What a Difference a Coach Makes
This is an article I’ve wanted to write for a long time. It never felt quite right, though, because I’m not one to bash a sitting coach or a team publicly during a season, particularly a team that I’m fond of watching. But it appears this story finally has a happy ending, and now seems like a fitting time to publish it.
Prior to last weekend, the new millennium for the California Golden Bears could have been summed up in one word: “forgettable.”
Living just steps from Haas Pavilion for nearly eight months, and a short bus ride away for three more years, I remained an eager, albeit objective observer of Cal basketball during my time in the Bay Area. Despite a gleaming new arena (Haas Pavilion, renovated extensively in 1999), athletic department coffers flush with cash, and the allure of playing in the nation’s seventh-largest media market, Cal was a perennial also-ran in a perennially “down” Pac-10.
Midway through the 2009 season, it’s quite clear that the agent of Cal’s mediocrity was its coach, Ben Braun.
At the time of his unceremonious dismissal in April, Braun ranked 11th among all active Division I coaches with 552 victories, a glowing testament to an utter lack of scrutiny of the basketball program by Cal’s Athletics Directors. Braun’s “impressive” win total of 219 in 12 years at Cal spoke more to his longevity (rumors of an “untouchable” decree from the Haas family abounded in the East Bay) than his skill on the sidelines.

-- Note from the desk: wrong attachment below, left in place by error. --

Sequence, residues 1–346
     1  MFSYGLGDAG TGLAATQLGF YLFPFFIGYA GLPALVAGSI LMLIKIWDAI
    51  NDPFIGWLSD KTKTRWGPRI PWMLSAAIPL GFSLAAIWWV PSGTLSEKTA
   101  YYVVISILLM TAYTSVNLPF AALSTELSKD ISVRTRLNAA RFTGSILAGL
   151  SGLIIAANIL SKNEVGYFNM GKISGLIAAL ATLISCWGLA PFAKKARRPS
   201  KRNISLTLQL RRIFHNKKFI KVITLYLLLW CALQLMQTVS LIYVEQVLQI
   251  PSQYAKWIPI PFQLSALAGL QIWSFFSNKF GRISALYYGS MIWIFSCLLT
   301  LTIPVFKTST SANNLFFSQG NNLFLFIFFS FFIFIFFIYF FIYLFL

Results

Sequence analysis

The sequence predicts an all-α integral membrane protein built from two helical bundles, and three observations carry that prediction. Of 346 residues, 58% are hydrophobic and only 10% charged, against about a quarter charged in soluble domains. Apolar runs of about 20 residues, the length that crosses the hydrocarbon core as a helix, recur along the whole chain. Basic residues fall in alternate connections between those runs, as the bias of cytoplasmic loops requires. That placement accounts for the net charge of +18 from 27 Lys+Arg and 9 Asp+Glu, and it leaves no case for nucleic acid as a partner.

And, it must be said, Braun did have a strange knack for winning games that inner forces within the Athletics Department did care about–such as upsetting rival UCLA in the 2007 Pac-10 Tournament Semifinals, followed by a blowout loss to Oregon the next day, and a 16-17 finish.
The only truly notable recruit of Braun’s tenure during the 2000s was a local hero named Leon Powe whose college career was highlighted by a disastrous knee injury and an early NCAA Tournament exit.
Cal’s offense did flourish, relatively speaking, with Powe–the directive of “feed Leon so he can get fouled” at least provided some sense of purpose for Cal’s perimeter players. But even the introduction of Ryan Anderson, whose offensive skill set was superior to Powe’s at the college level, provided no great boost to the Bears’ brand of basketball, as perimeter passing and bailout three-point shots remained a staple during Braun’s last two years.
Favorite snapshots from the twilight of Braun’s tenure include:
- 2006 Great Alaska Shootout vs. Marshall. With Cal up six (eight?) under two minutes to go, Braun calls timeout on a loose ball out of bounds. The play drawn up directs the inbounding player to run the baseline, which of course, as even a tepid basketball fan knows, is only allowed on a made basket. Following the turnover, Marshall hits a three, steals the next inbounds pass, and hits another three to tie the game (cut the lead to two?) in a span of less than 15 seconds. Somehow Cal is able to recover, and ices the game at the free throw line.